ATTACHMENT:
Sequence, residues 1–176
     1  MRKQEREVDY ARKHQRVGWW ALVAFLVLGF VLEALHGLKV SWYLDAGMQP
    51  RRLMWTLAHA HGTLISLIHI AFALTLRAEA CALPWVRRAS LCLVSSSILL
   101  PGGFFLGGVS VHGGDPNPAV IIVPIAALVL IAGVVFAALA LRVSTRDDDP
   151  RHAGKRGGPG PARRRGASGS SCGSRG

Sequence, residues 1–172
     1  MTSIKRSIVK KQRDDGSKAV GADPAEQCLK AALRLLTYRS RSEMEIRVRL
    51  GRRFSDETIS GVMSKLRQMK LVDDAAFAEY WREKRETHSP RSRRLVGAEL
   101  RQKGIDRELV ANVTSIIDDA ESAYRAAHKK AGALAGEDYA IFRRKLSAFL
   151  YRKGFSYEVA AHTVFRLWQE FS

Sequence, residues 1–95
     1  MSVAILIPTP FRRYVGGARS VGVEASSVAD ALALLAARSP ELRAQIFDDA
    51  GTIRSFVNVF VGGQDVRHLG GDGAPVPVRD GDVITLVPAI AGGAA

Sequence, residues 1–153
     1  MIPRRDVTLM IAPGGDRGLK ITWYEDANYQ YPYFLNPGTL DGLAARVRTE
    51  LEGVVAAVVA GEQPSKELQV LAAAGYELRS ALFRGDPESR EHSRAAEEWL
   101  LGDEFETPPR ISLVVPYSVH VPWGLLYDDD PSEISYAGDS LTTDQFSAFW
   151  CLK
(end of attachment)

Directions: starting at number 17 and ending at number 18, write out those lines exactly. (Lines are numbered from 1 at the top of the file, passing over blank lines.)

   101  LGDEFETPPR ISLVVPYSVH VPWGLLYDDD PSEISYAGDS LTTDQFSAFW
   151  CLK